Heterosexual couple in civil partnership battle to take case to Supreme Court
A heterosexual couple fighting for the right to enter into a civil partnership have been given the go-ahead to take their case to the UK's highest court.
Rebecca Steinfeld, 36, and Charles Keidan, 40, want to secure legal recognition of their relationship through that route, but are prevented because the Civil Partnership Act 2004 says only same-sex couples are eligible.
The academics, who live in Hammersmith, west London, suffered defeat at the Court of Appeal in February, but declared afterwards that there was still "everything to fight for".
They have now been granted permission for their case to be heard at the Supreme Court, the Equal Civil Partnerships Campaign said in a statement.
Ms Steinfeld and Mr Keidan, who have a daughter with another child on the way, claim the Government's position is ''incompatible with equality law".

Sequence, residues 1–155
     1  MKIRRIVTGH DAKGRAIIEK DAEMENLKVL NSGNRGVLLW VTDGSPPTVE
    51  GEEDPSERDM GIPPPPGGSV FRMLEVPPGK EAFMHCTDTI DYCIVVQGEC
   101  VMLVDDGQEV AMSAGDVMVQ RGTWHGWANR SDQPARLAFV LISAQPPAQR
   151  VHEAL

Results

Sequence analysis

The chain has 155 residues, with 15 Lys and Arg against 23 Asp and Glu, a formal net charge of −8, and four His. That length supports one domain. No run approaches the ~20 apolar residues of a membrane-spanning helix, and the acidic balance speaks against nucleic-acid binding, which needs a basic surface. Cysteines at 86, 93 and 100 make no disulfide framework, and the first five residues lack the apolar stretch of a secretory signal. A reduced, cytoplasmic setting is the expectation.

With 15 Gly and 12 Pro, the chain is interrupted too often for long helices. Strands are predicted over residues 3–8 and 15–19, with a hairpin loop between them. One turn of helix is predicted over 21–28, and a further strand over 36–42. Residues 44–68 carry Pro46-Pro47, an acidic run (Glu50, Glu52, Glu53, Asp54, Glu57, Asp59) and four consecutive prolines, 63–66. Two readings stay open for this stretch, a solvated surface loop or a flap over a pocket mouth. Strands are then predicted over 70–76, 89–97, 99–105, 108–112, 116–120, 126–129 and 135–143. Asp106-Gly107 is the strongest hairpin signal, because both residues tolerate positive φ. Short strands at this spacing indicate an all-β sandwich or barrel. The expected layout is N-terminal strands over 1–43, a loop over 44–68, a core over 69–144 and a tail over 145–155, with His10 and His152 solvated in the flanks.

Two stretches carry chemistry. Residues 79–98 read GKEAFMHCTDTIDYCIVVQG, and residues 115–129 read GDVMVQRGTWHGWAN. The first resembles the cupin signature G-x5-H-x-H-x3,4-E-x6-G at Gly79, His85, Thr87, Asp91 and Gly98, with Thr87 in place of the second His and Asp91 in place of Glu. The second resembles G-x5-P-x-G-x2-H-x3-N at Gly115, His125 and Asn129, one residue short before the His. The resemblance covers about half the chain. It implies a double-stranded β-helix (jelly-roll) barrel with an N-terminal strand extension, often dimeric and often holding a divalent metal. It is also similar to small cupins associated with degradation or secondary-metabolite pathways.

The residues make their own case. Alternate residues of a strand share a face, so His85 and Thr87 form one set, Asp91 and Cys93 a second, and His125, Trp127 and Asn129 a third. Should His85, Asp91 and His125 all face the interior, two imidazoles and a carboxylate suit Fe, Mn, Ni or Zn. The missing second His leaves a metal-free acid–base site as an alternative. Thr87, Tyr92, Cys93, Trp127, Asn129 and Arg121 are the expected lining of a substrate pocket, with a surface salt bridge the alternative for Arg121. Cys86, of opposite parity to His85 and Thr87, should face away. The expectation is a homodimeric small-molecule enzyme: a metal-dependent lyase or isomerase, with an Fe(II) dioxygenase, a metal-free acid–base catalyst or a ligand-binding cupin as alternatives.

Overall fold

Welcoming the latest stage of their legal battle, Ms Steinfeld said they were confident their case was "sound", adding: "We hope the Supreme Court will deliver a judgment that will finally provide access to civil partnerships for thousands of families across the country."
Mr Keidan commented: "The incredible support from many thousands of people who have signed our petition and backing from MPs across the political spectrum has enabled us to come this far.
"What started out as a personal effort to become civil partners has taken on wider significance as we realised that as many as 3.3 million co-habiting couples are affected by the status quo.
"Over the last few years, we've heard the same message: whilst most couples want financial and legal protection for themselves and their families, not all feel comfortable with marriage.
"Civil partnerships offer a legally binding arrangement that is fair, popular and good for families and children."
The couple's solicitor, Louise Whitfield, from law firm Deighton Pierce Glynn, said: "This is a very significant achievement for my clients as the Supreme Court only gives permission for a very small number of cases each year - those that are the most important for the court to consider.
"It is another significant step in the journey to achieve equal civil partnerships for all, and the court's decision to grant permission recognises the great public importance of this issue."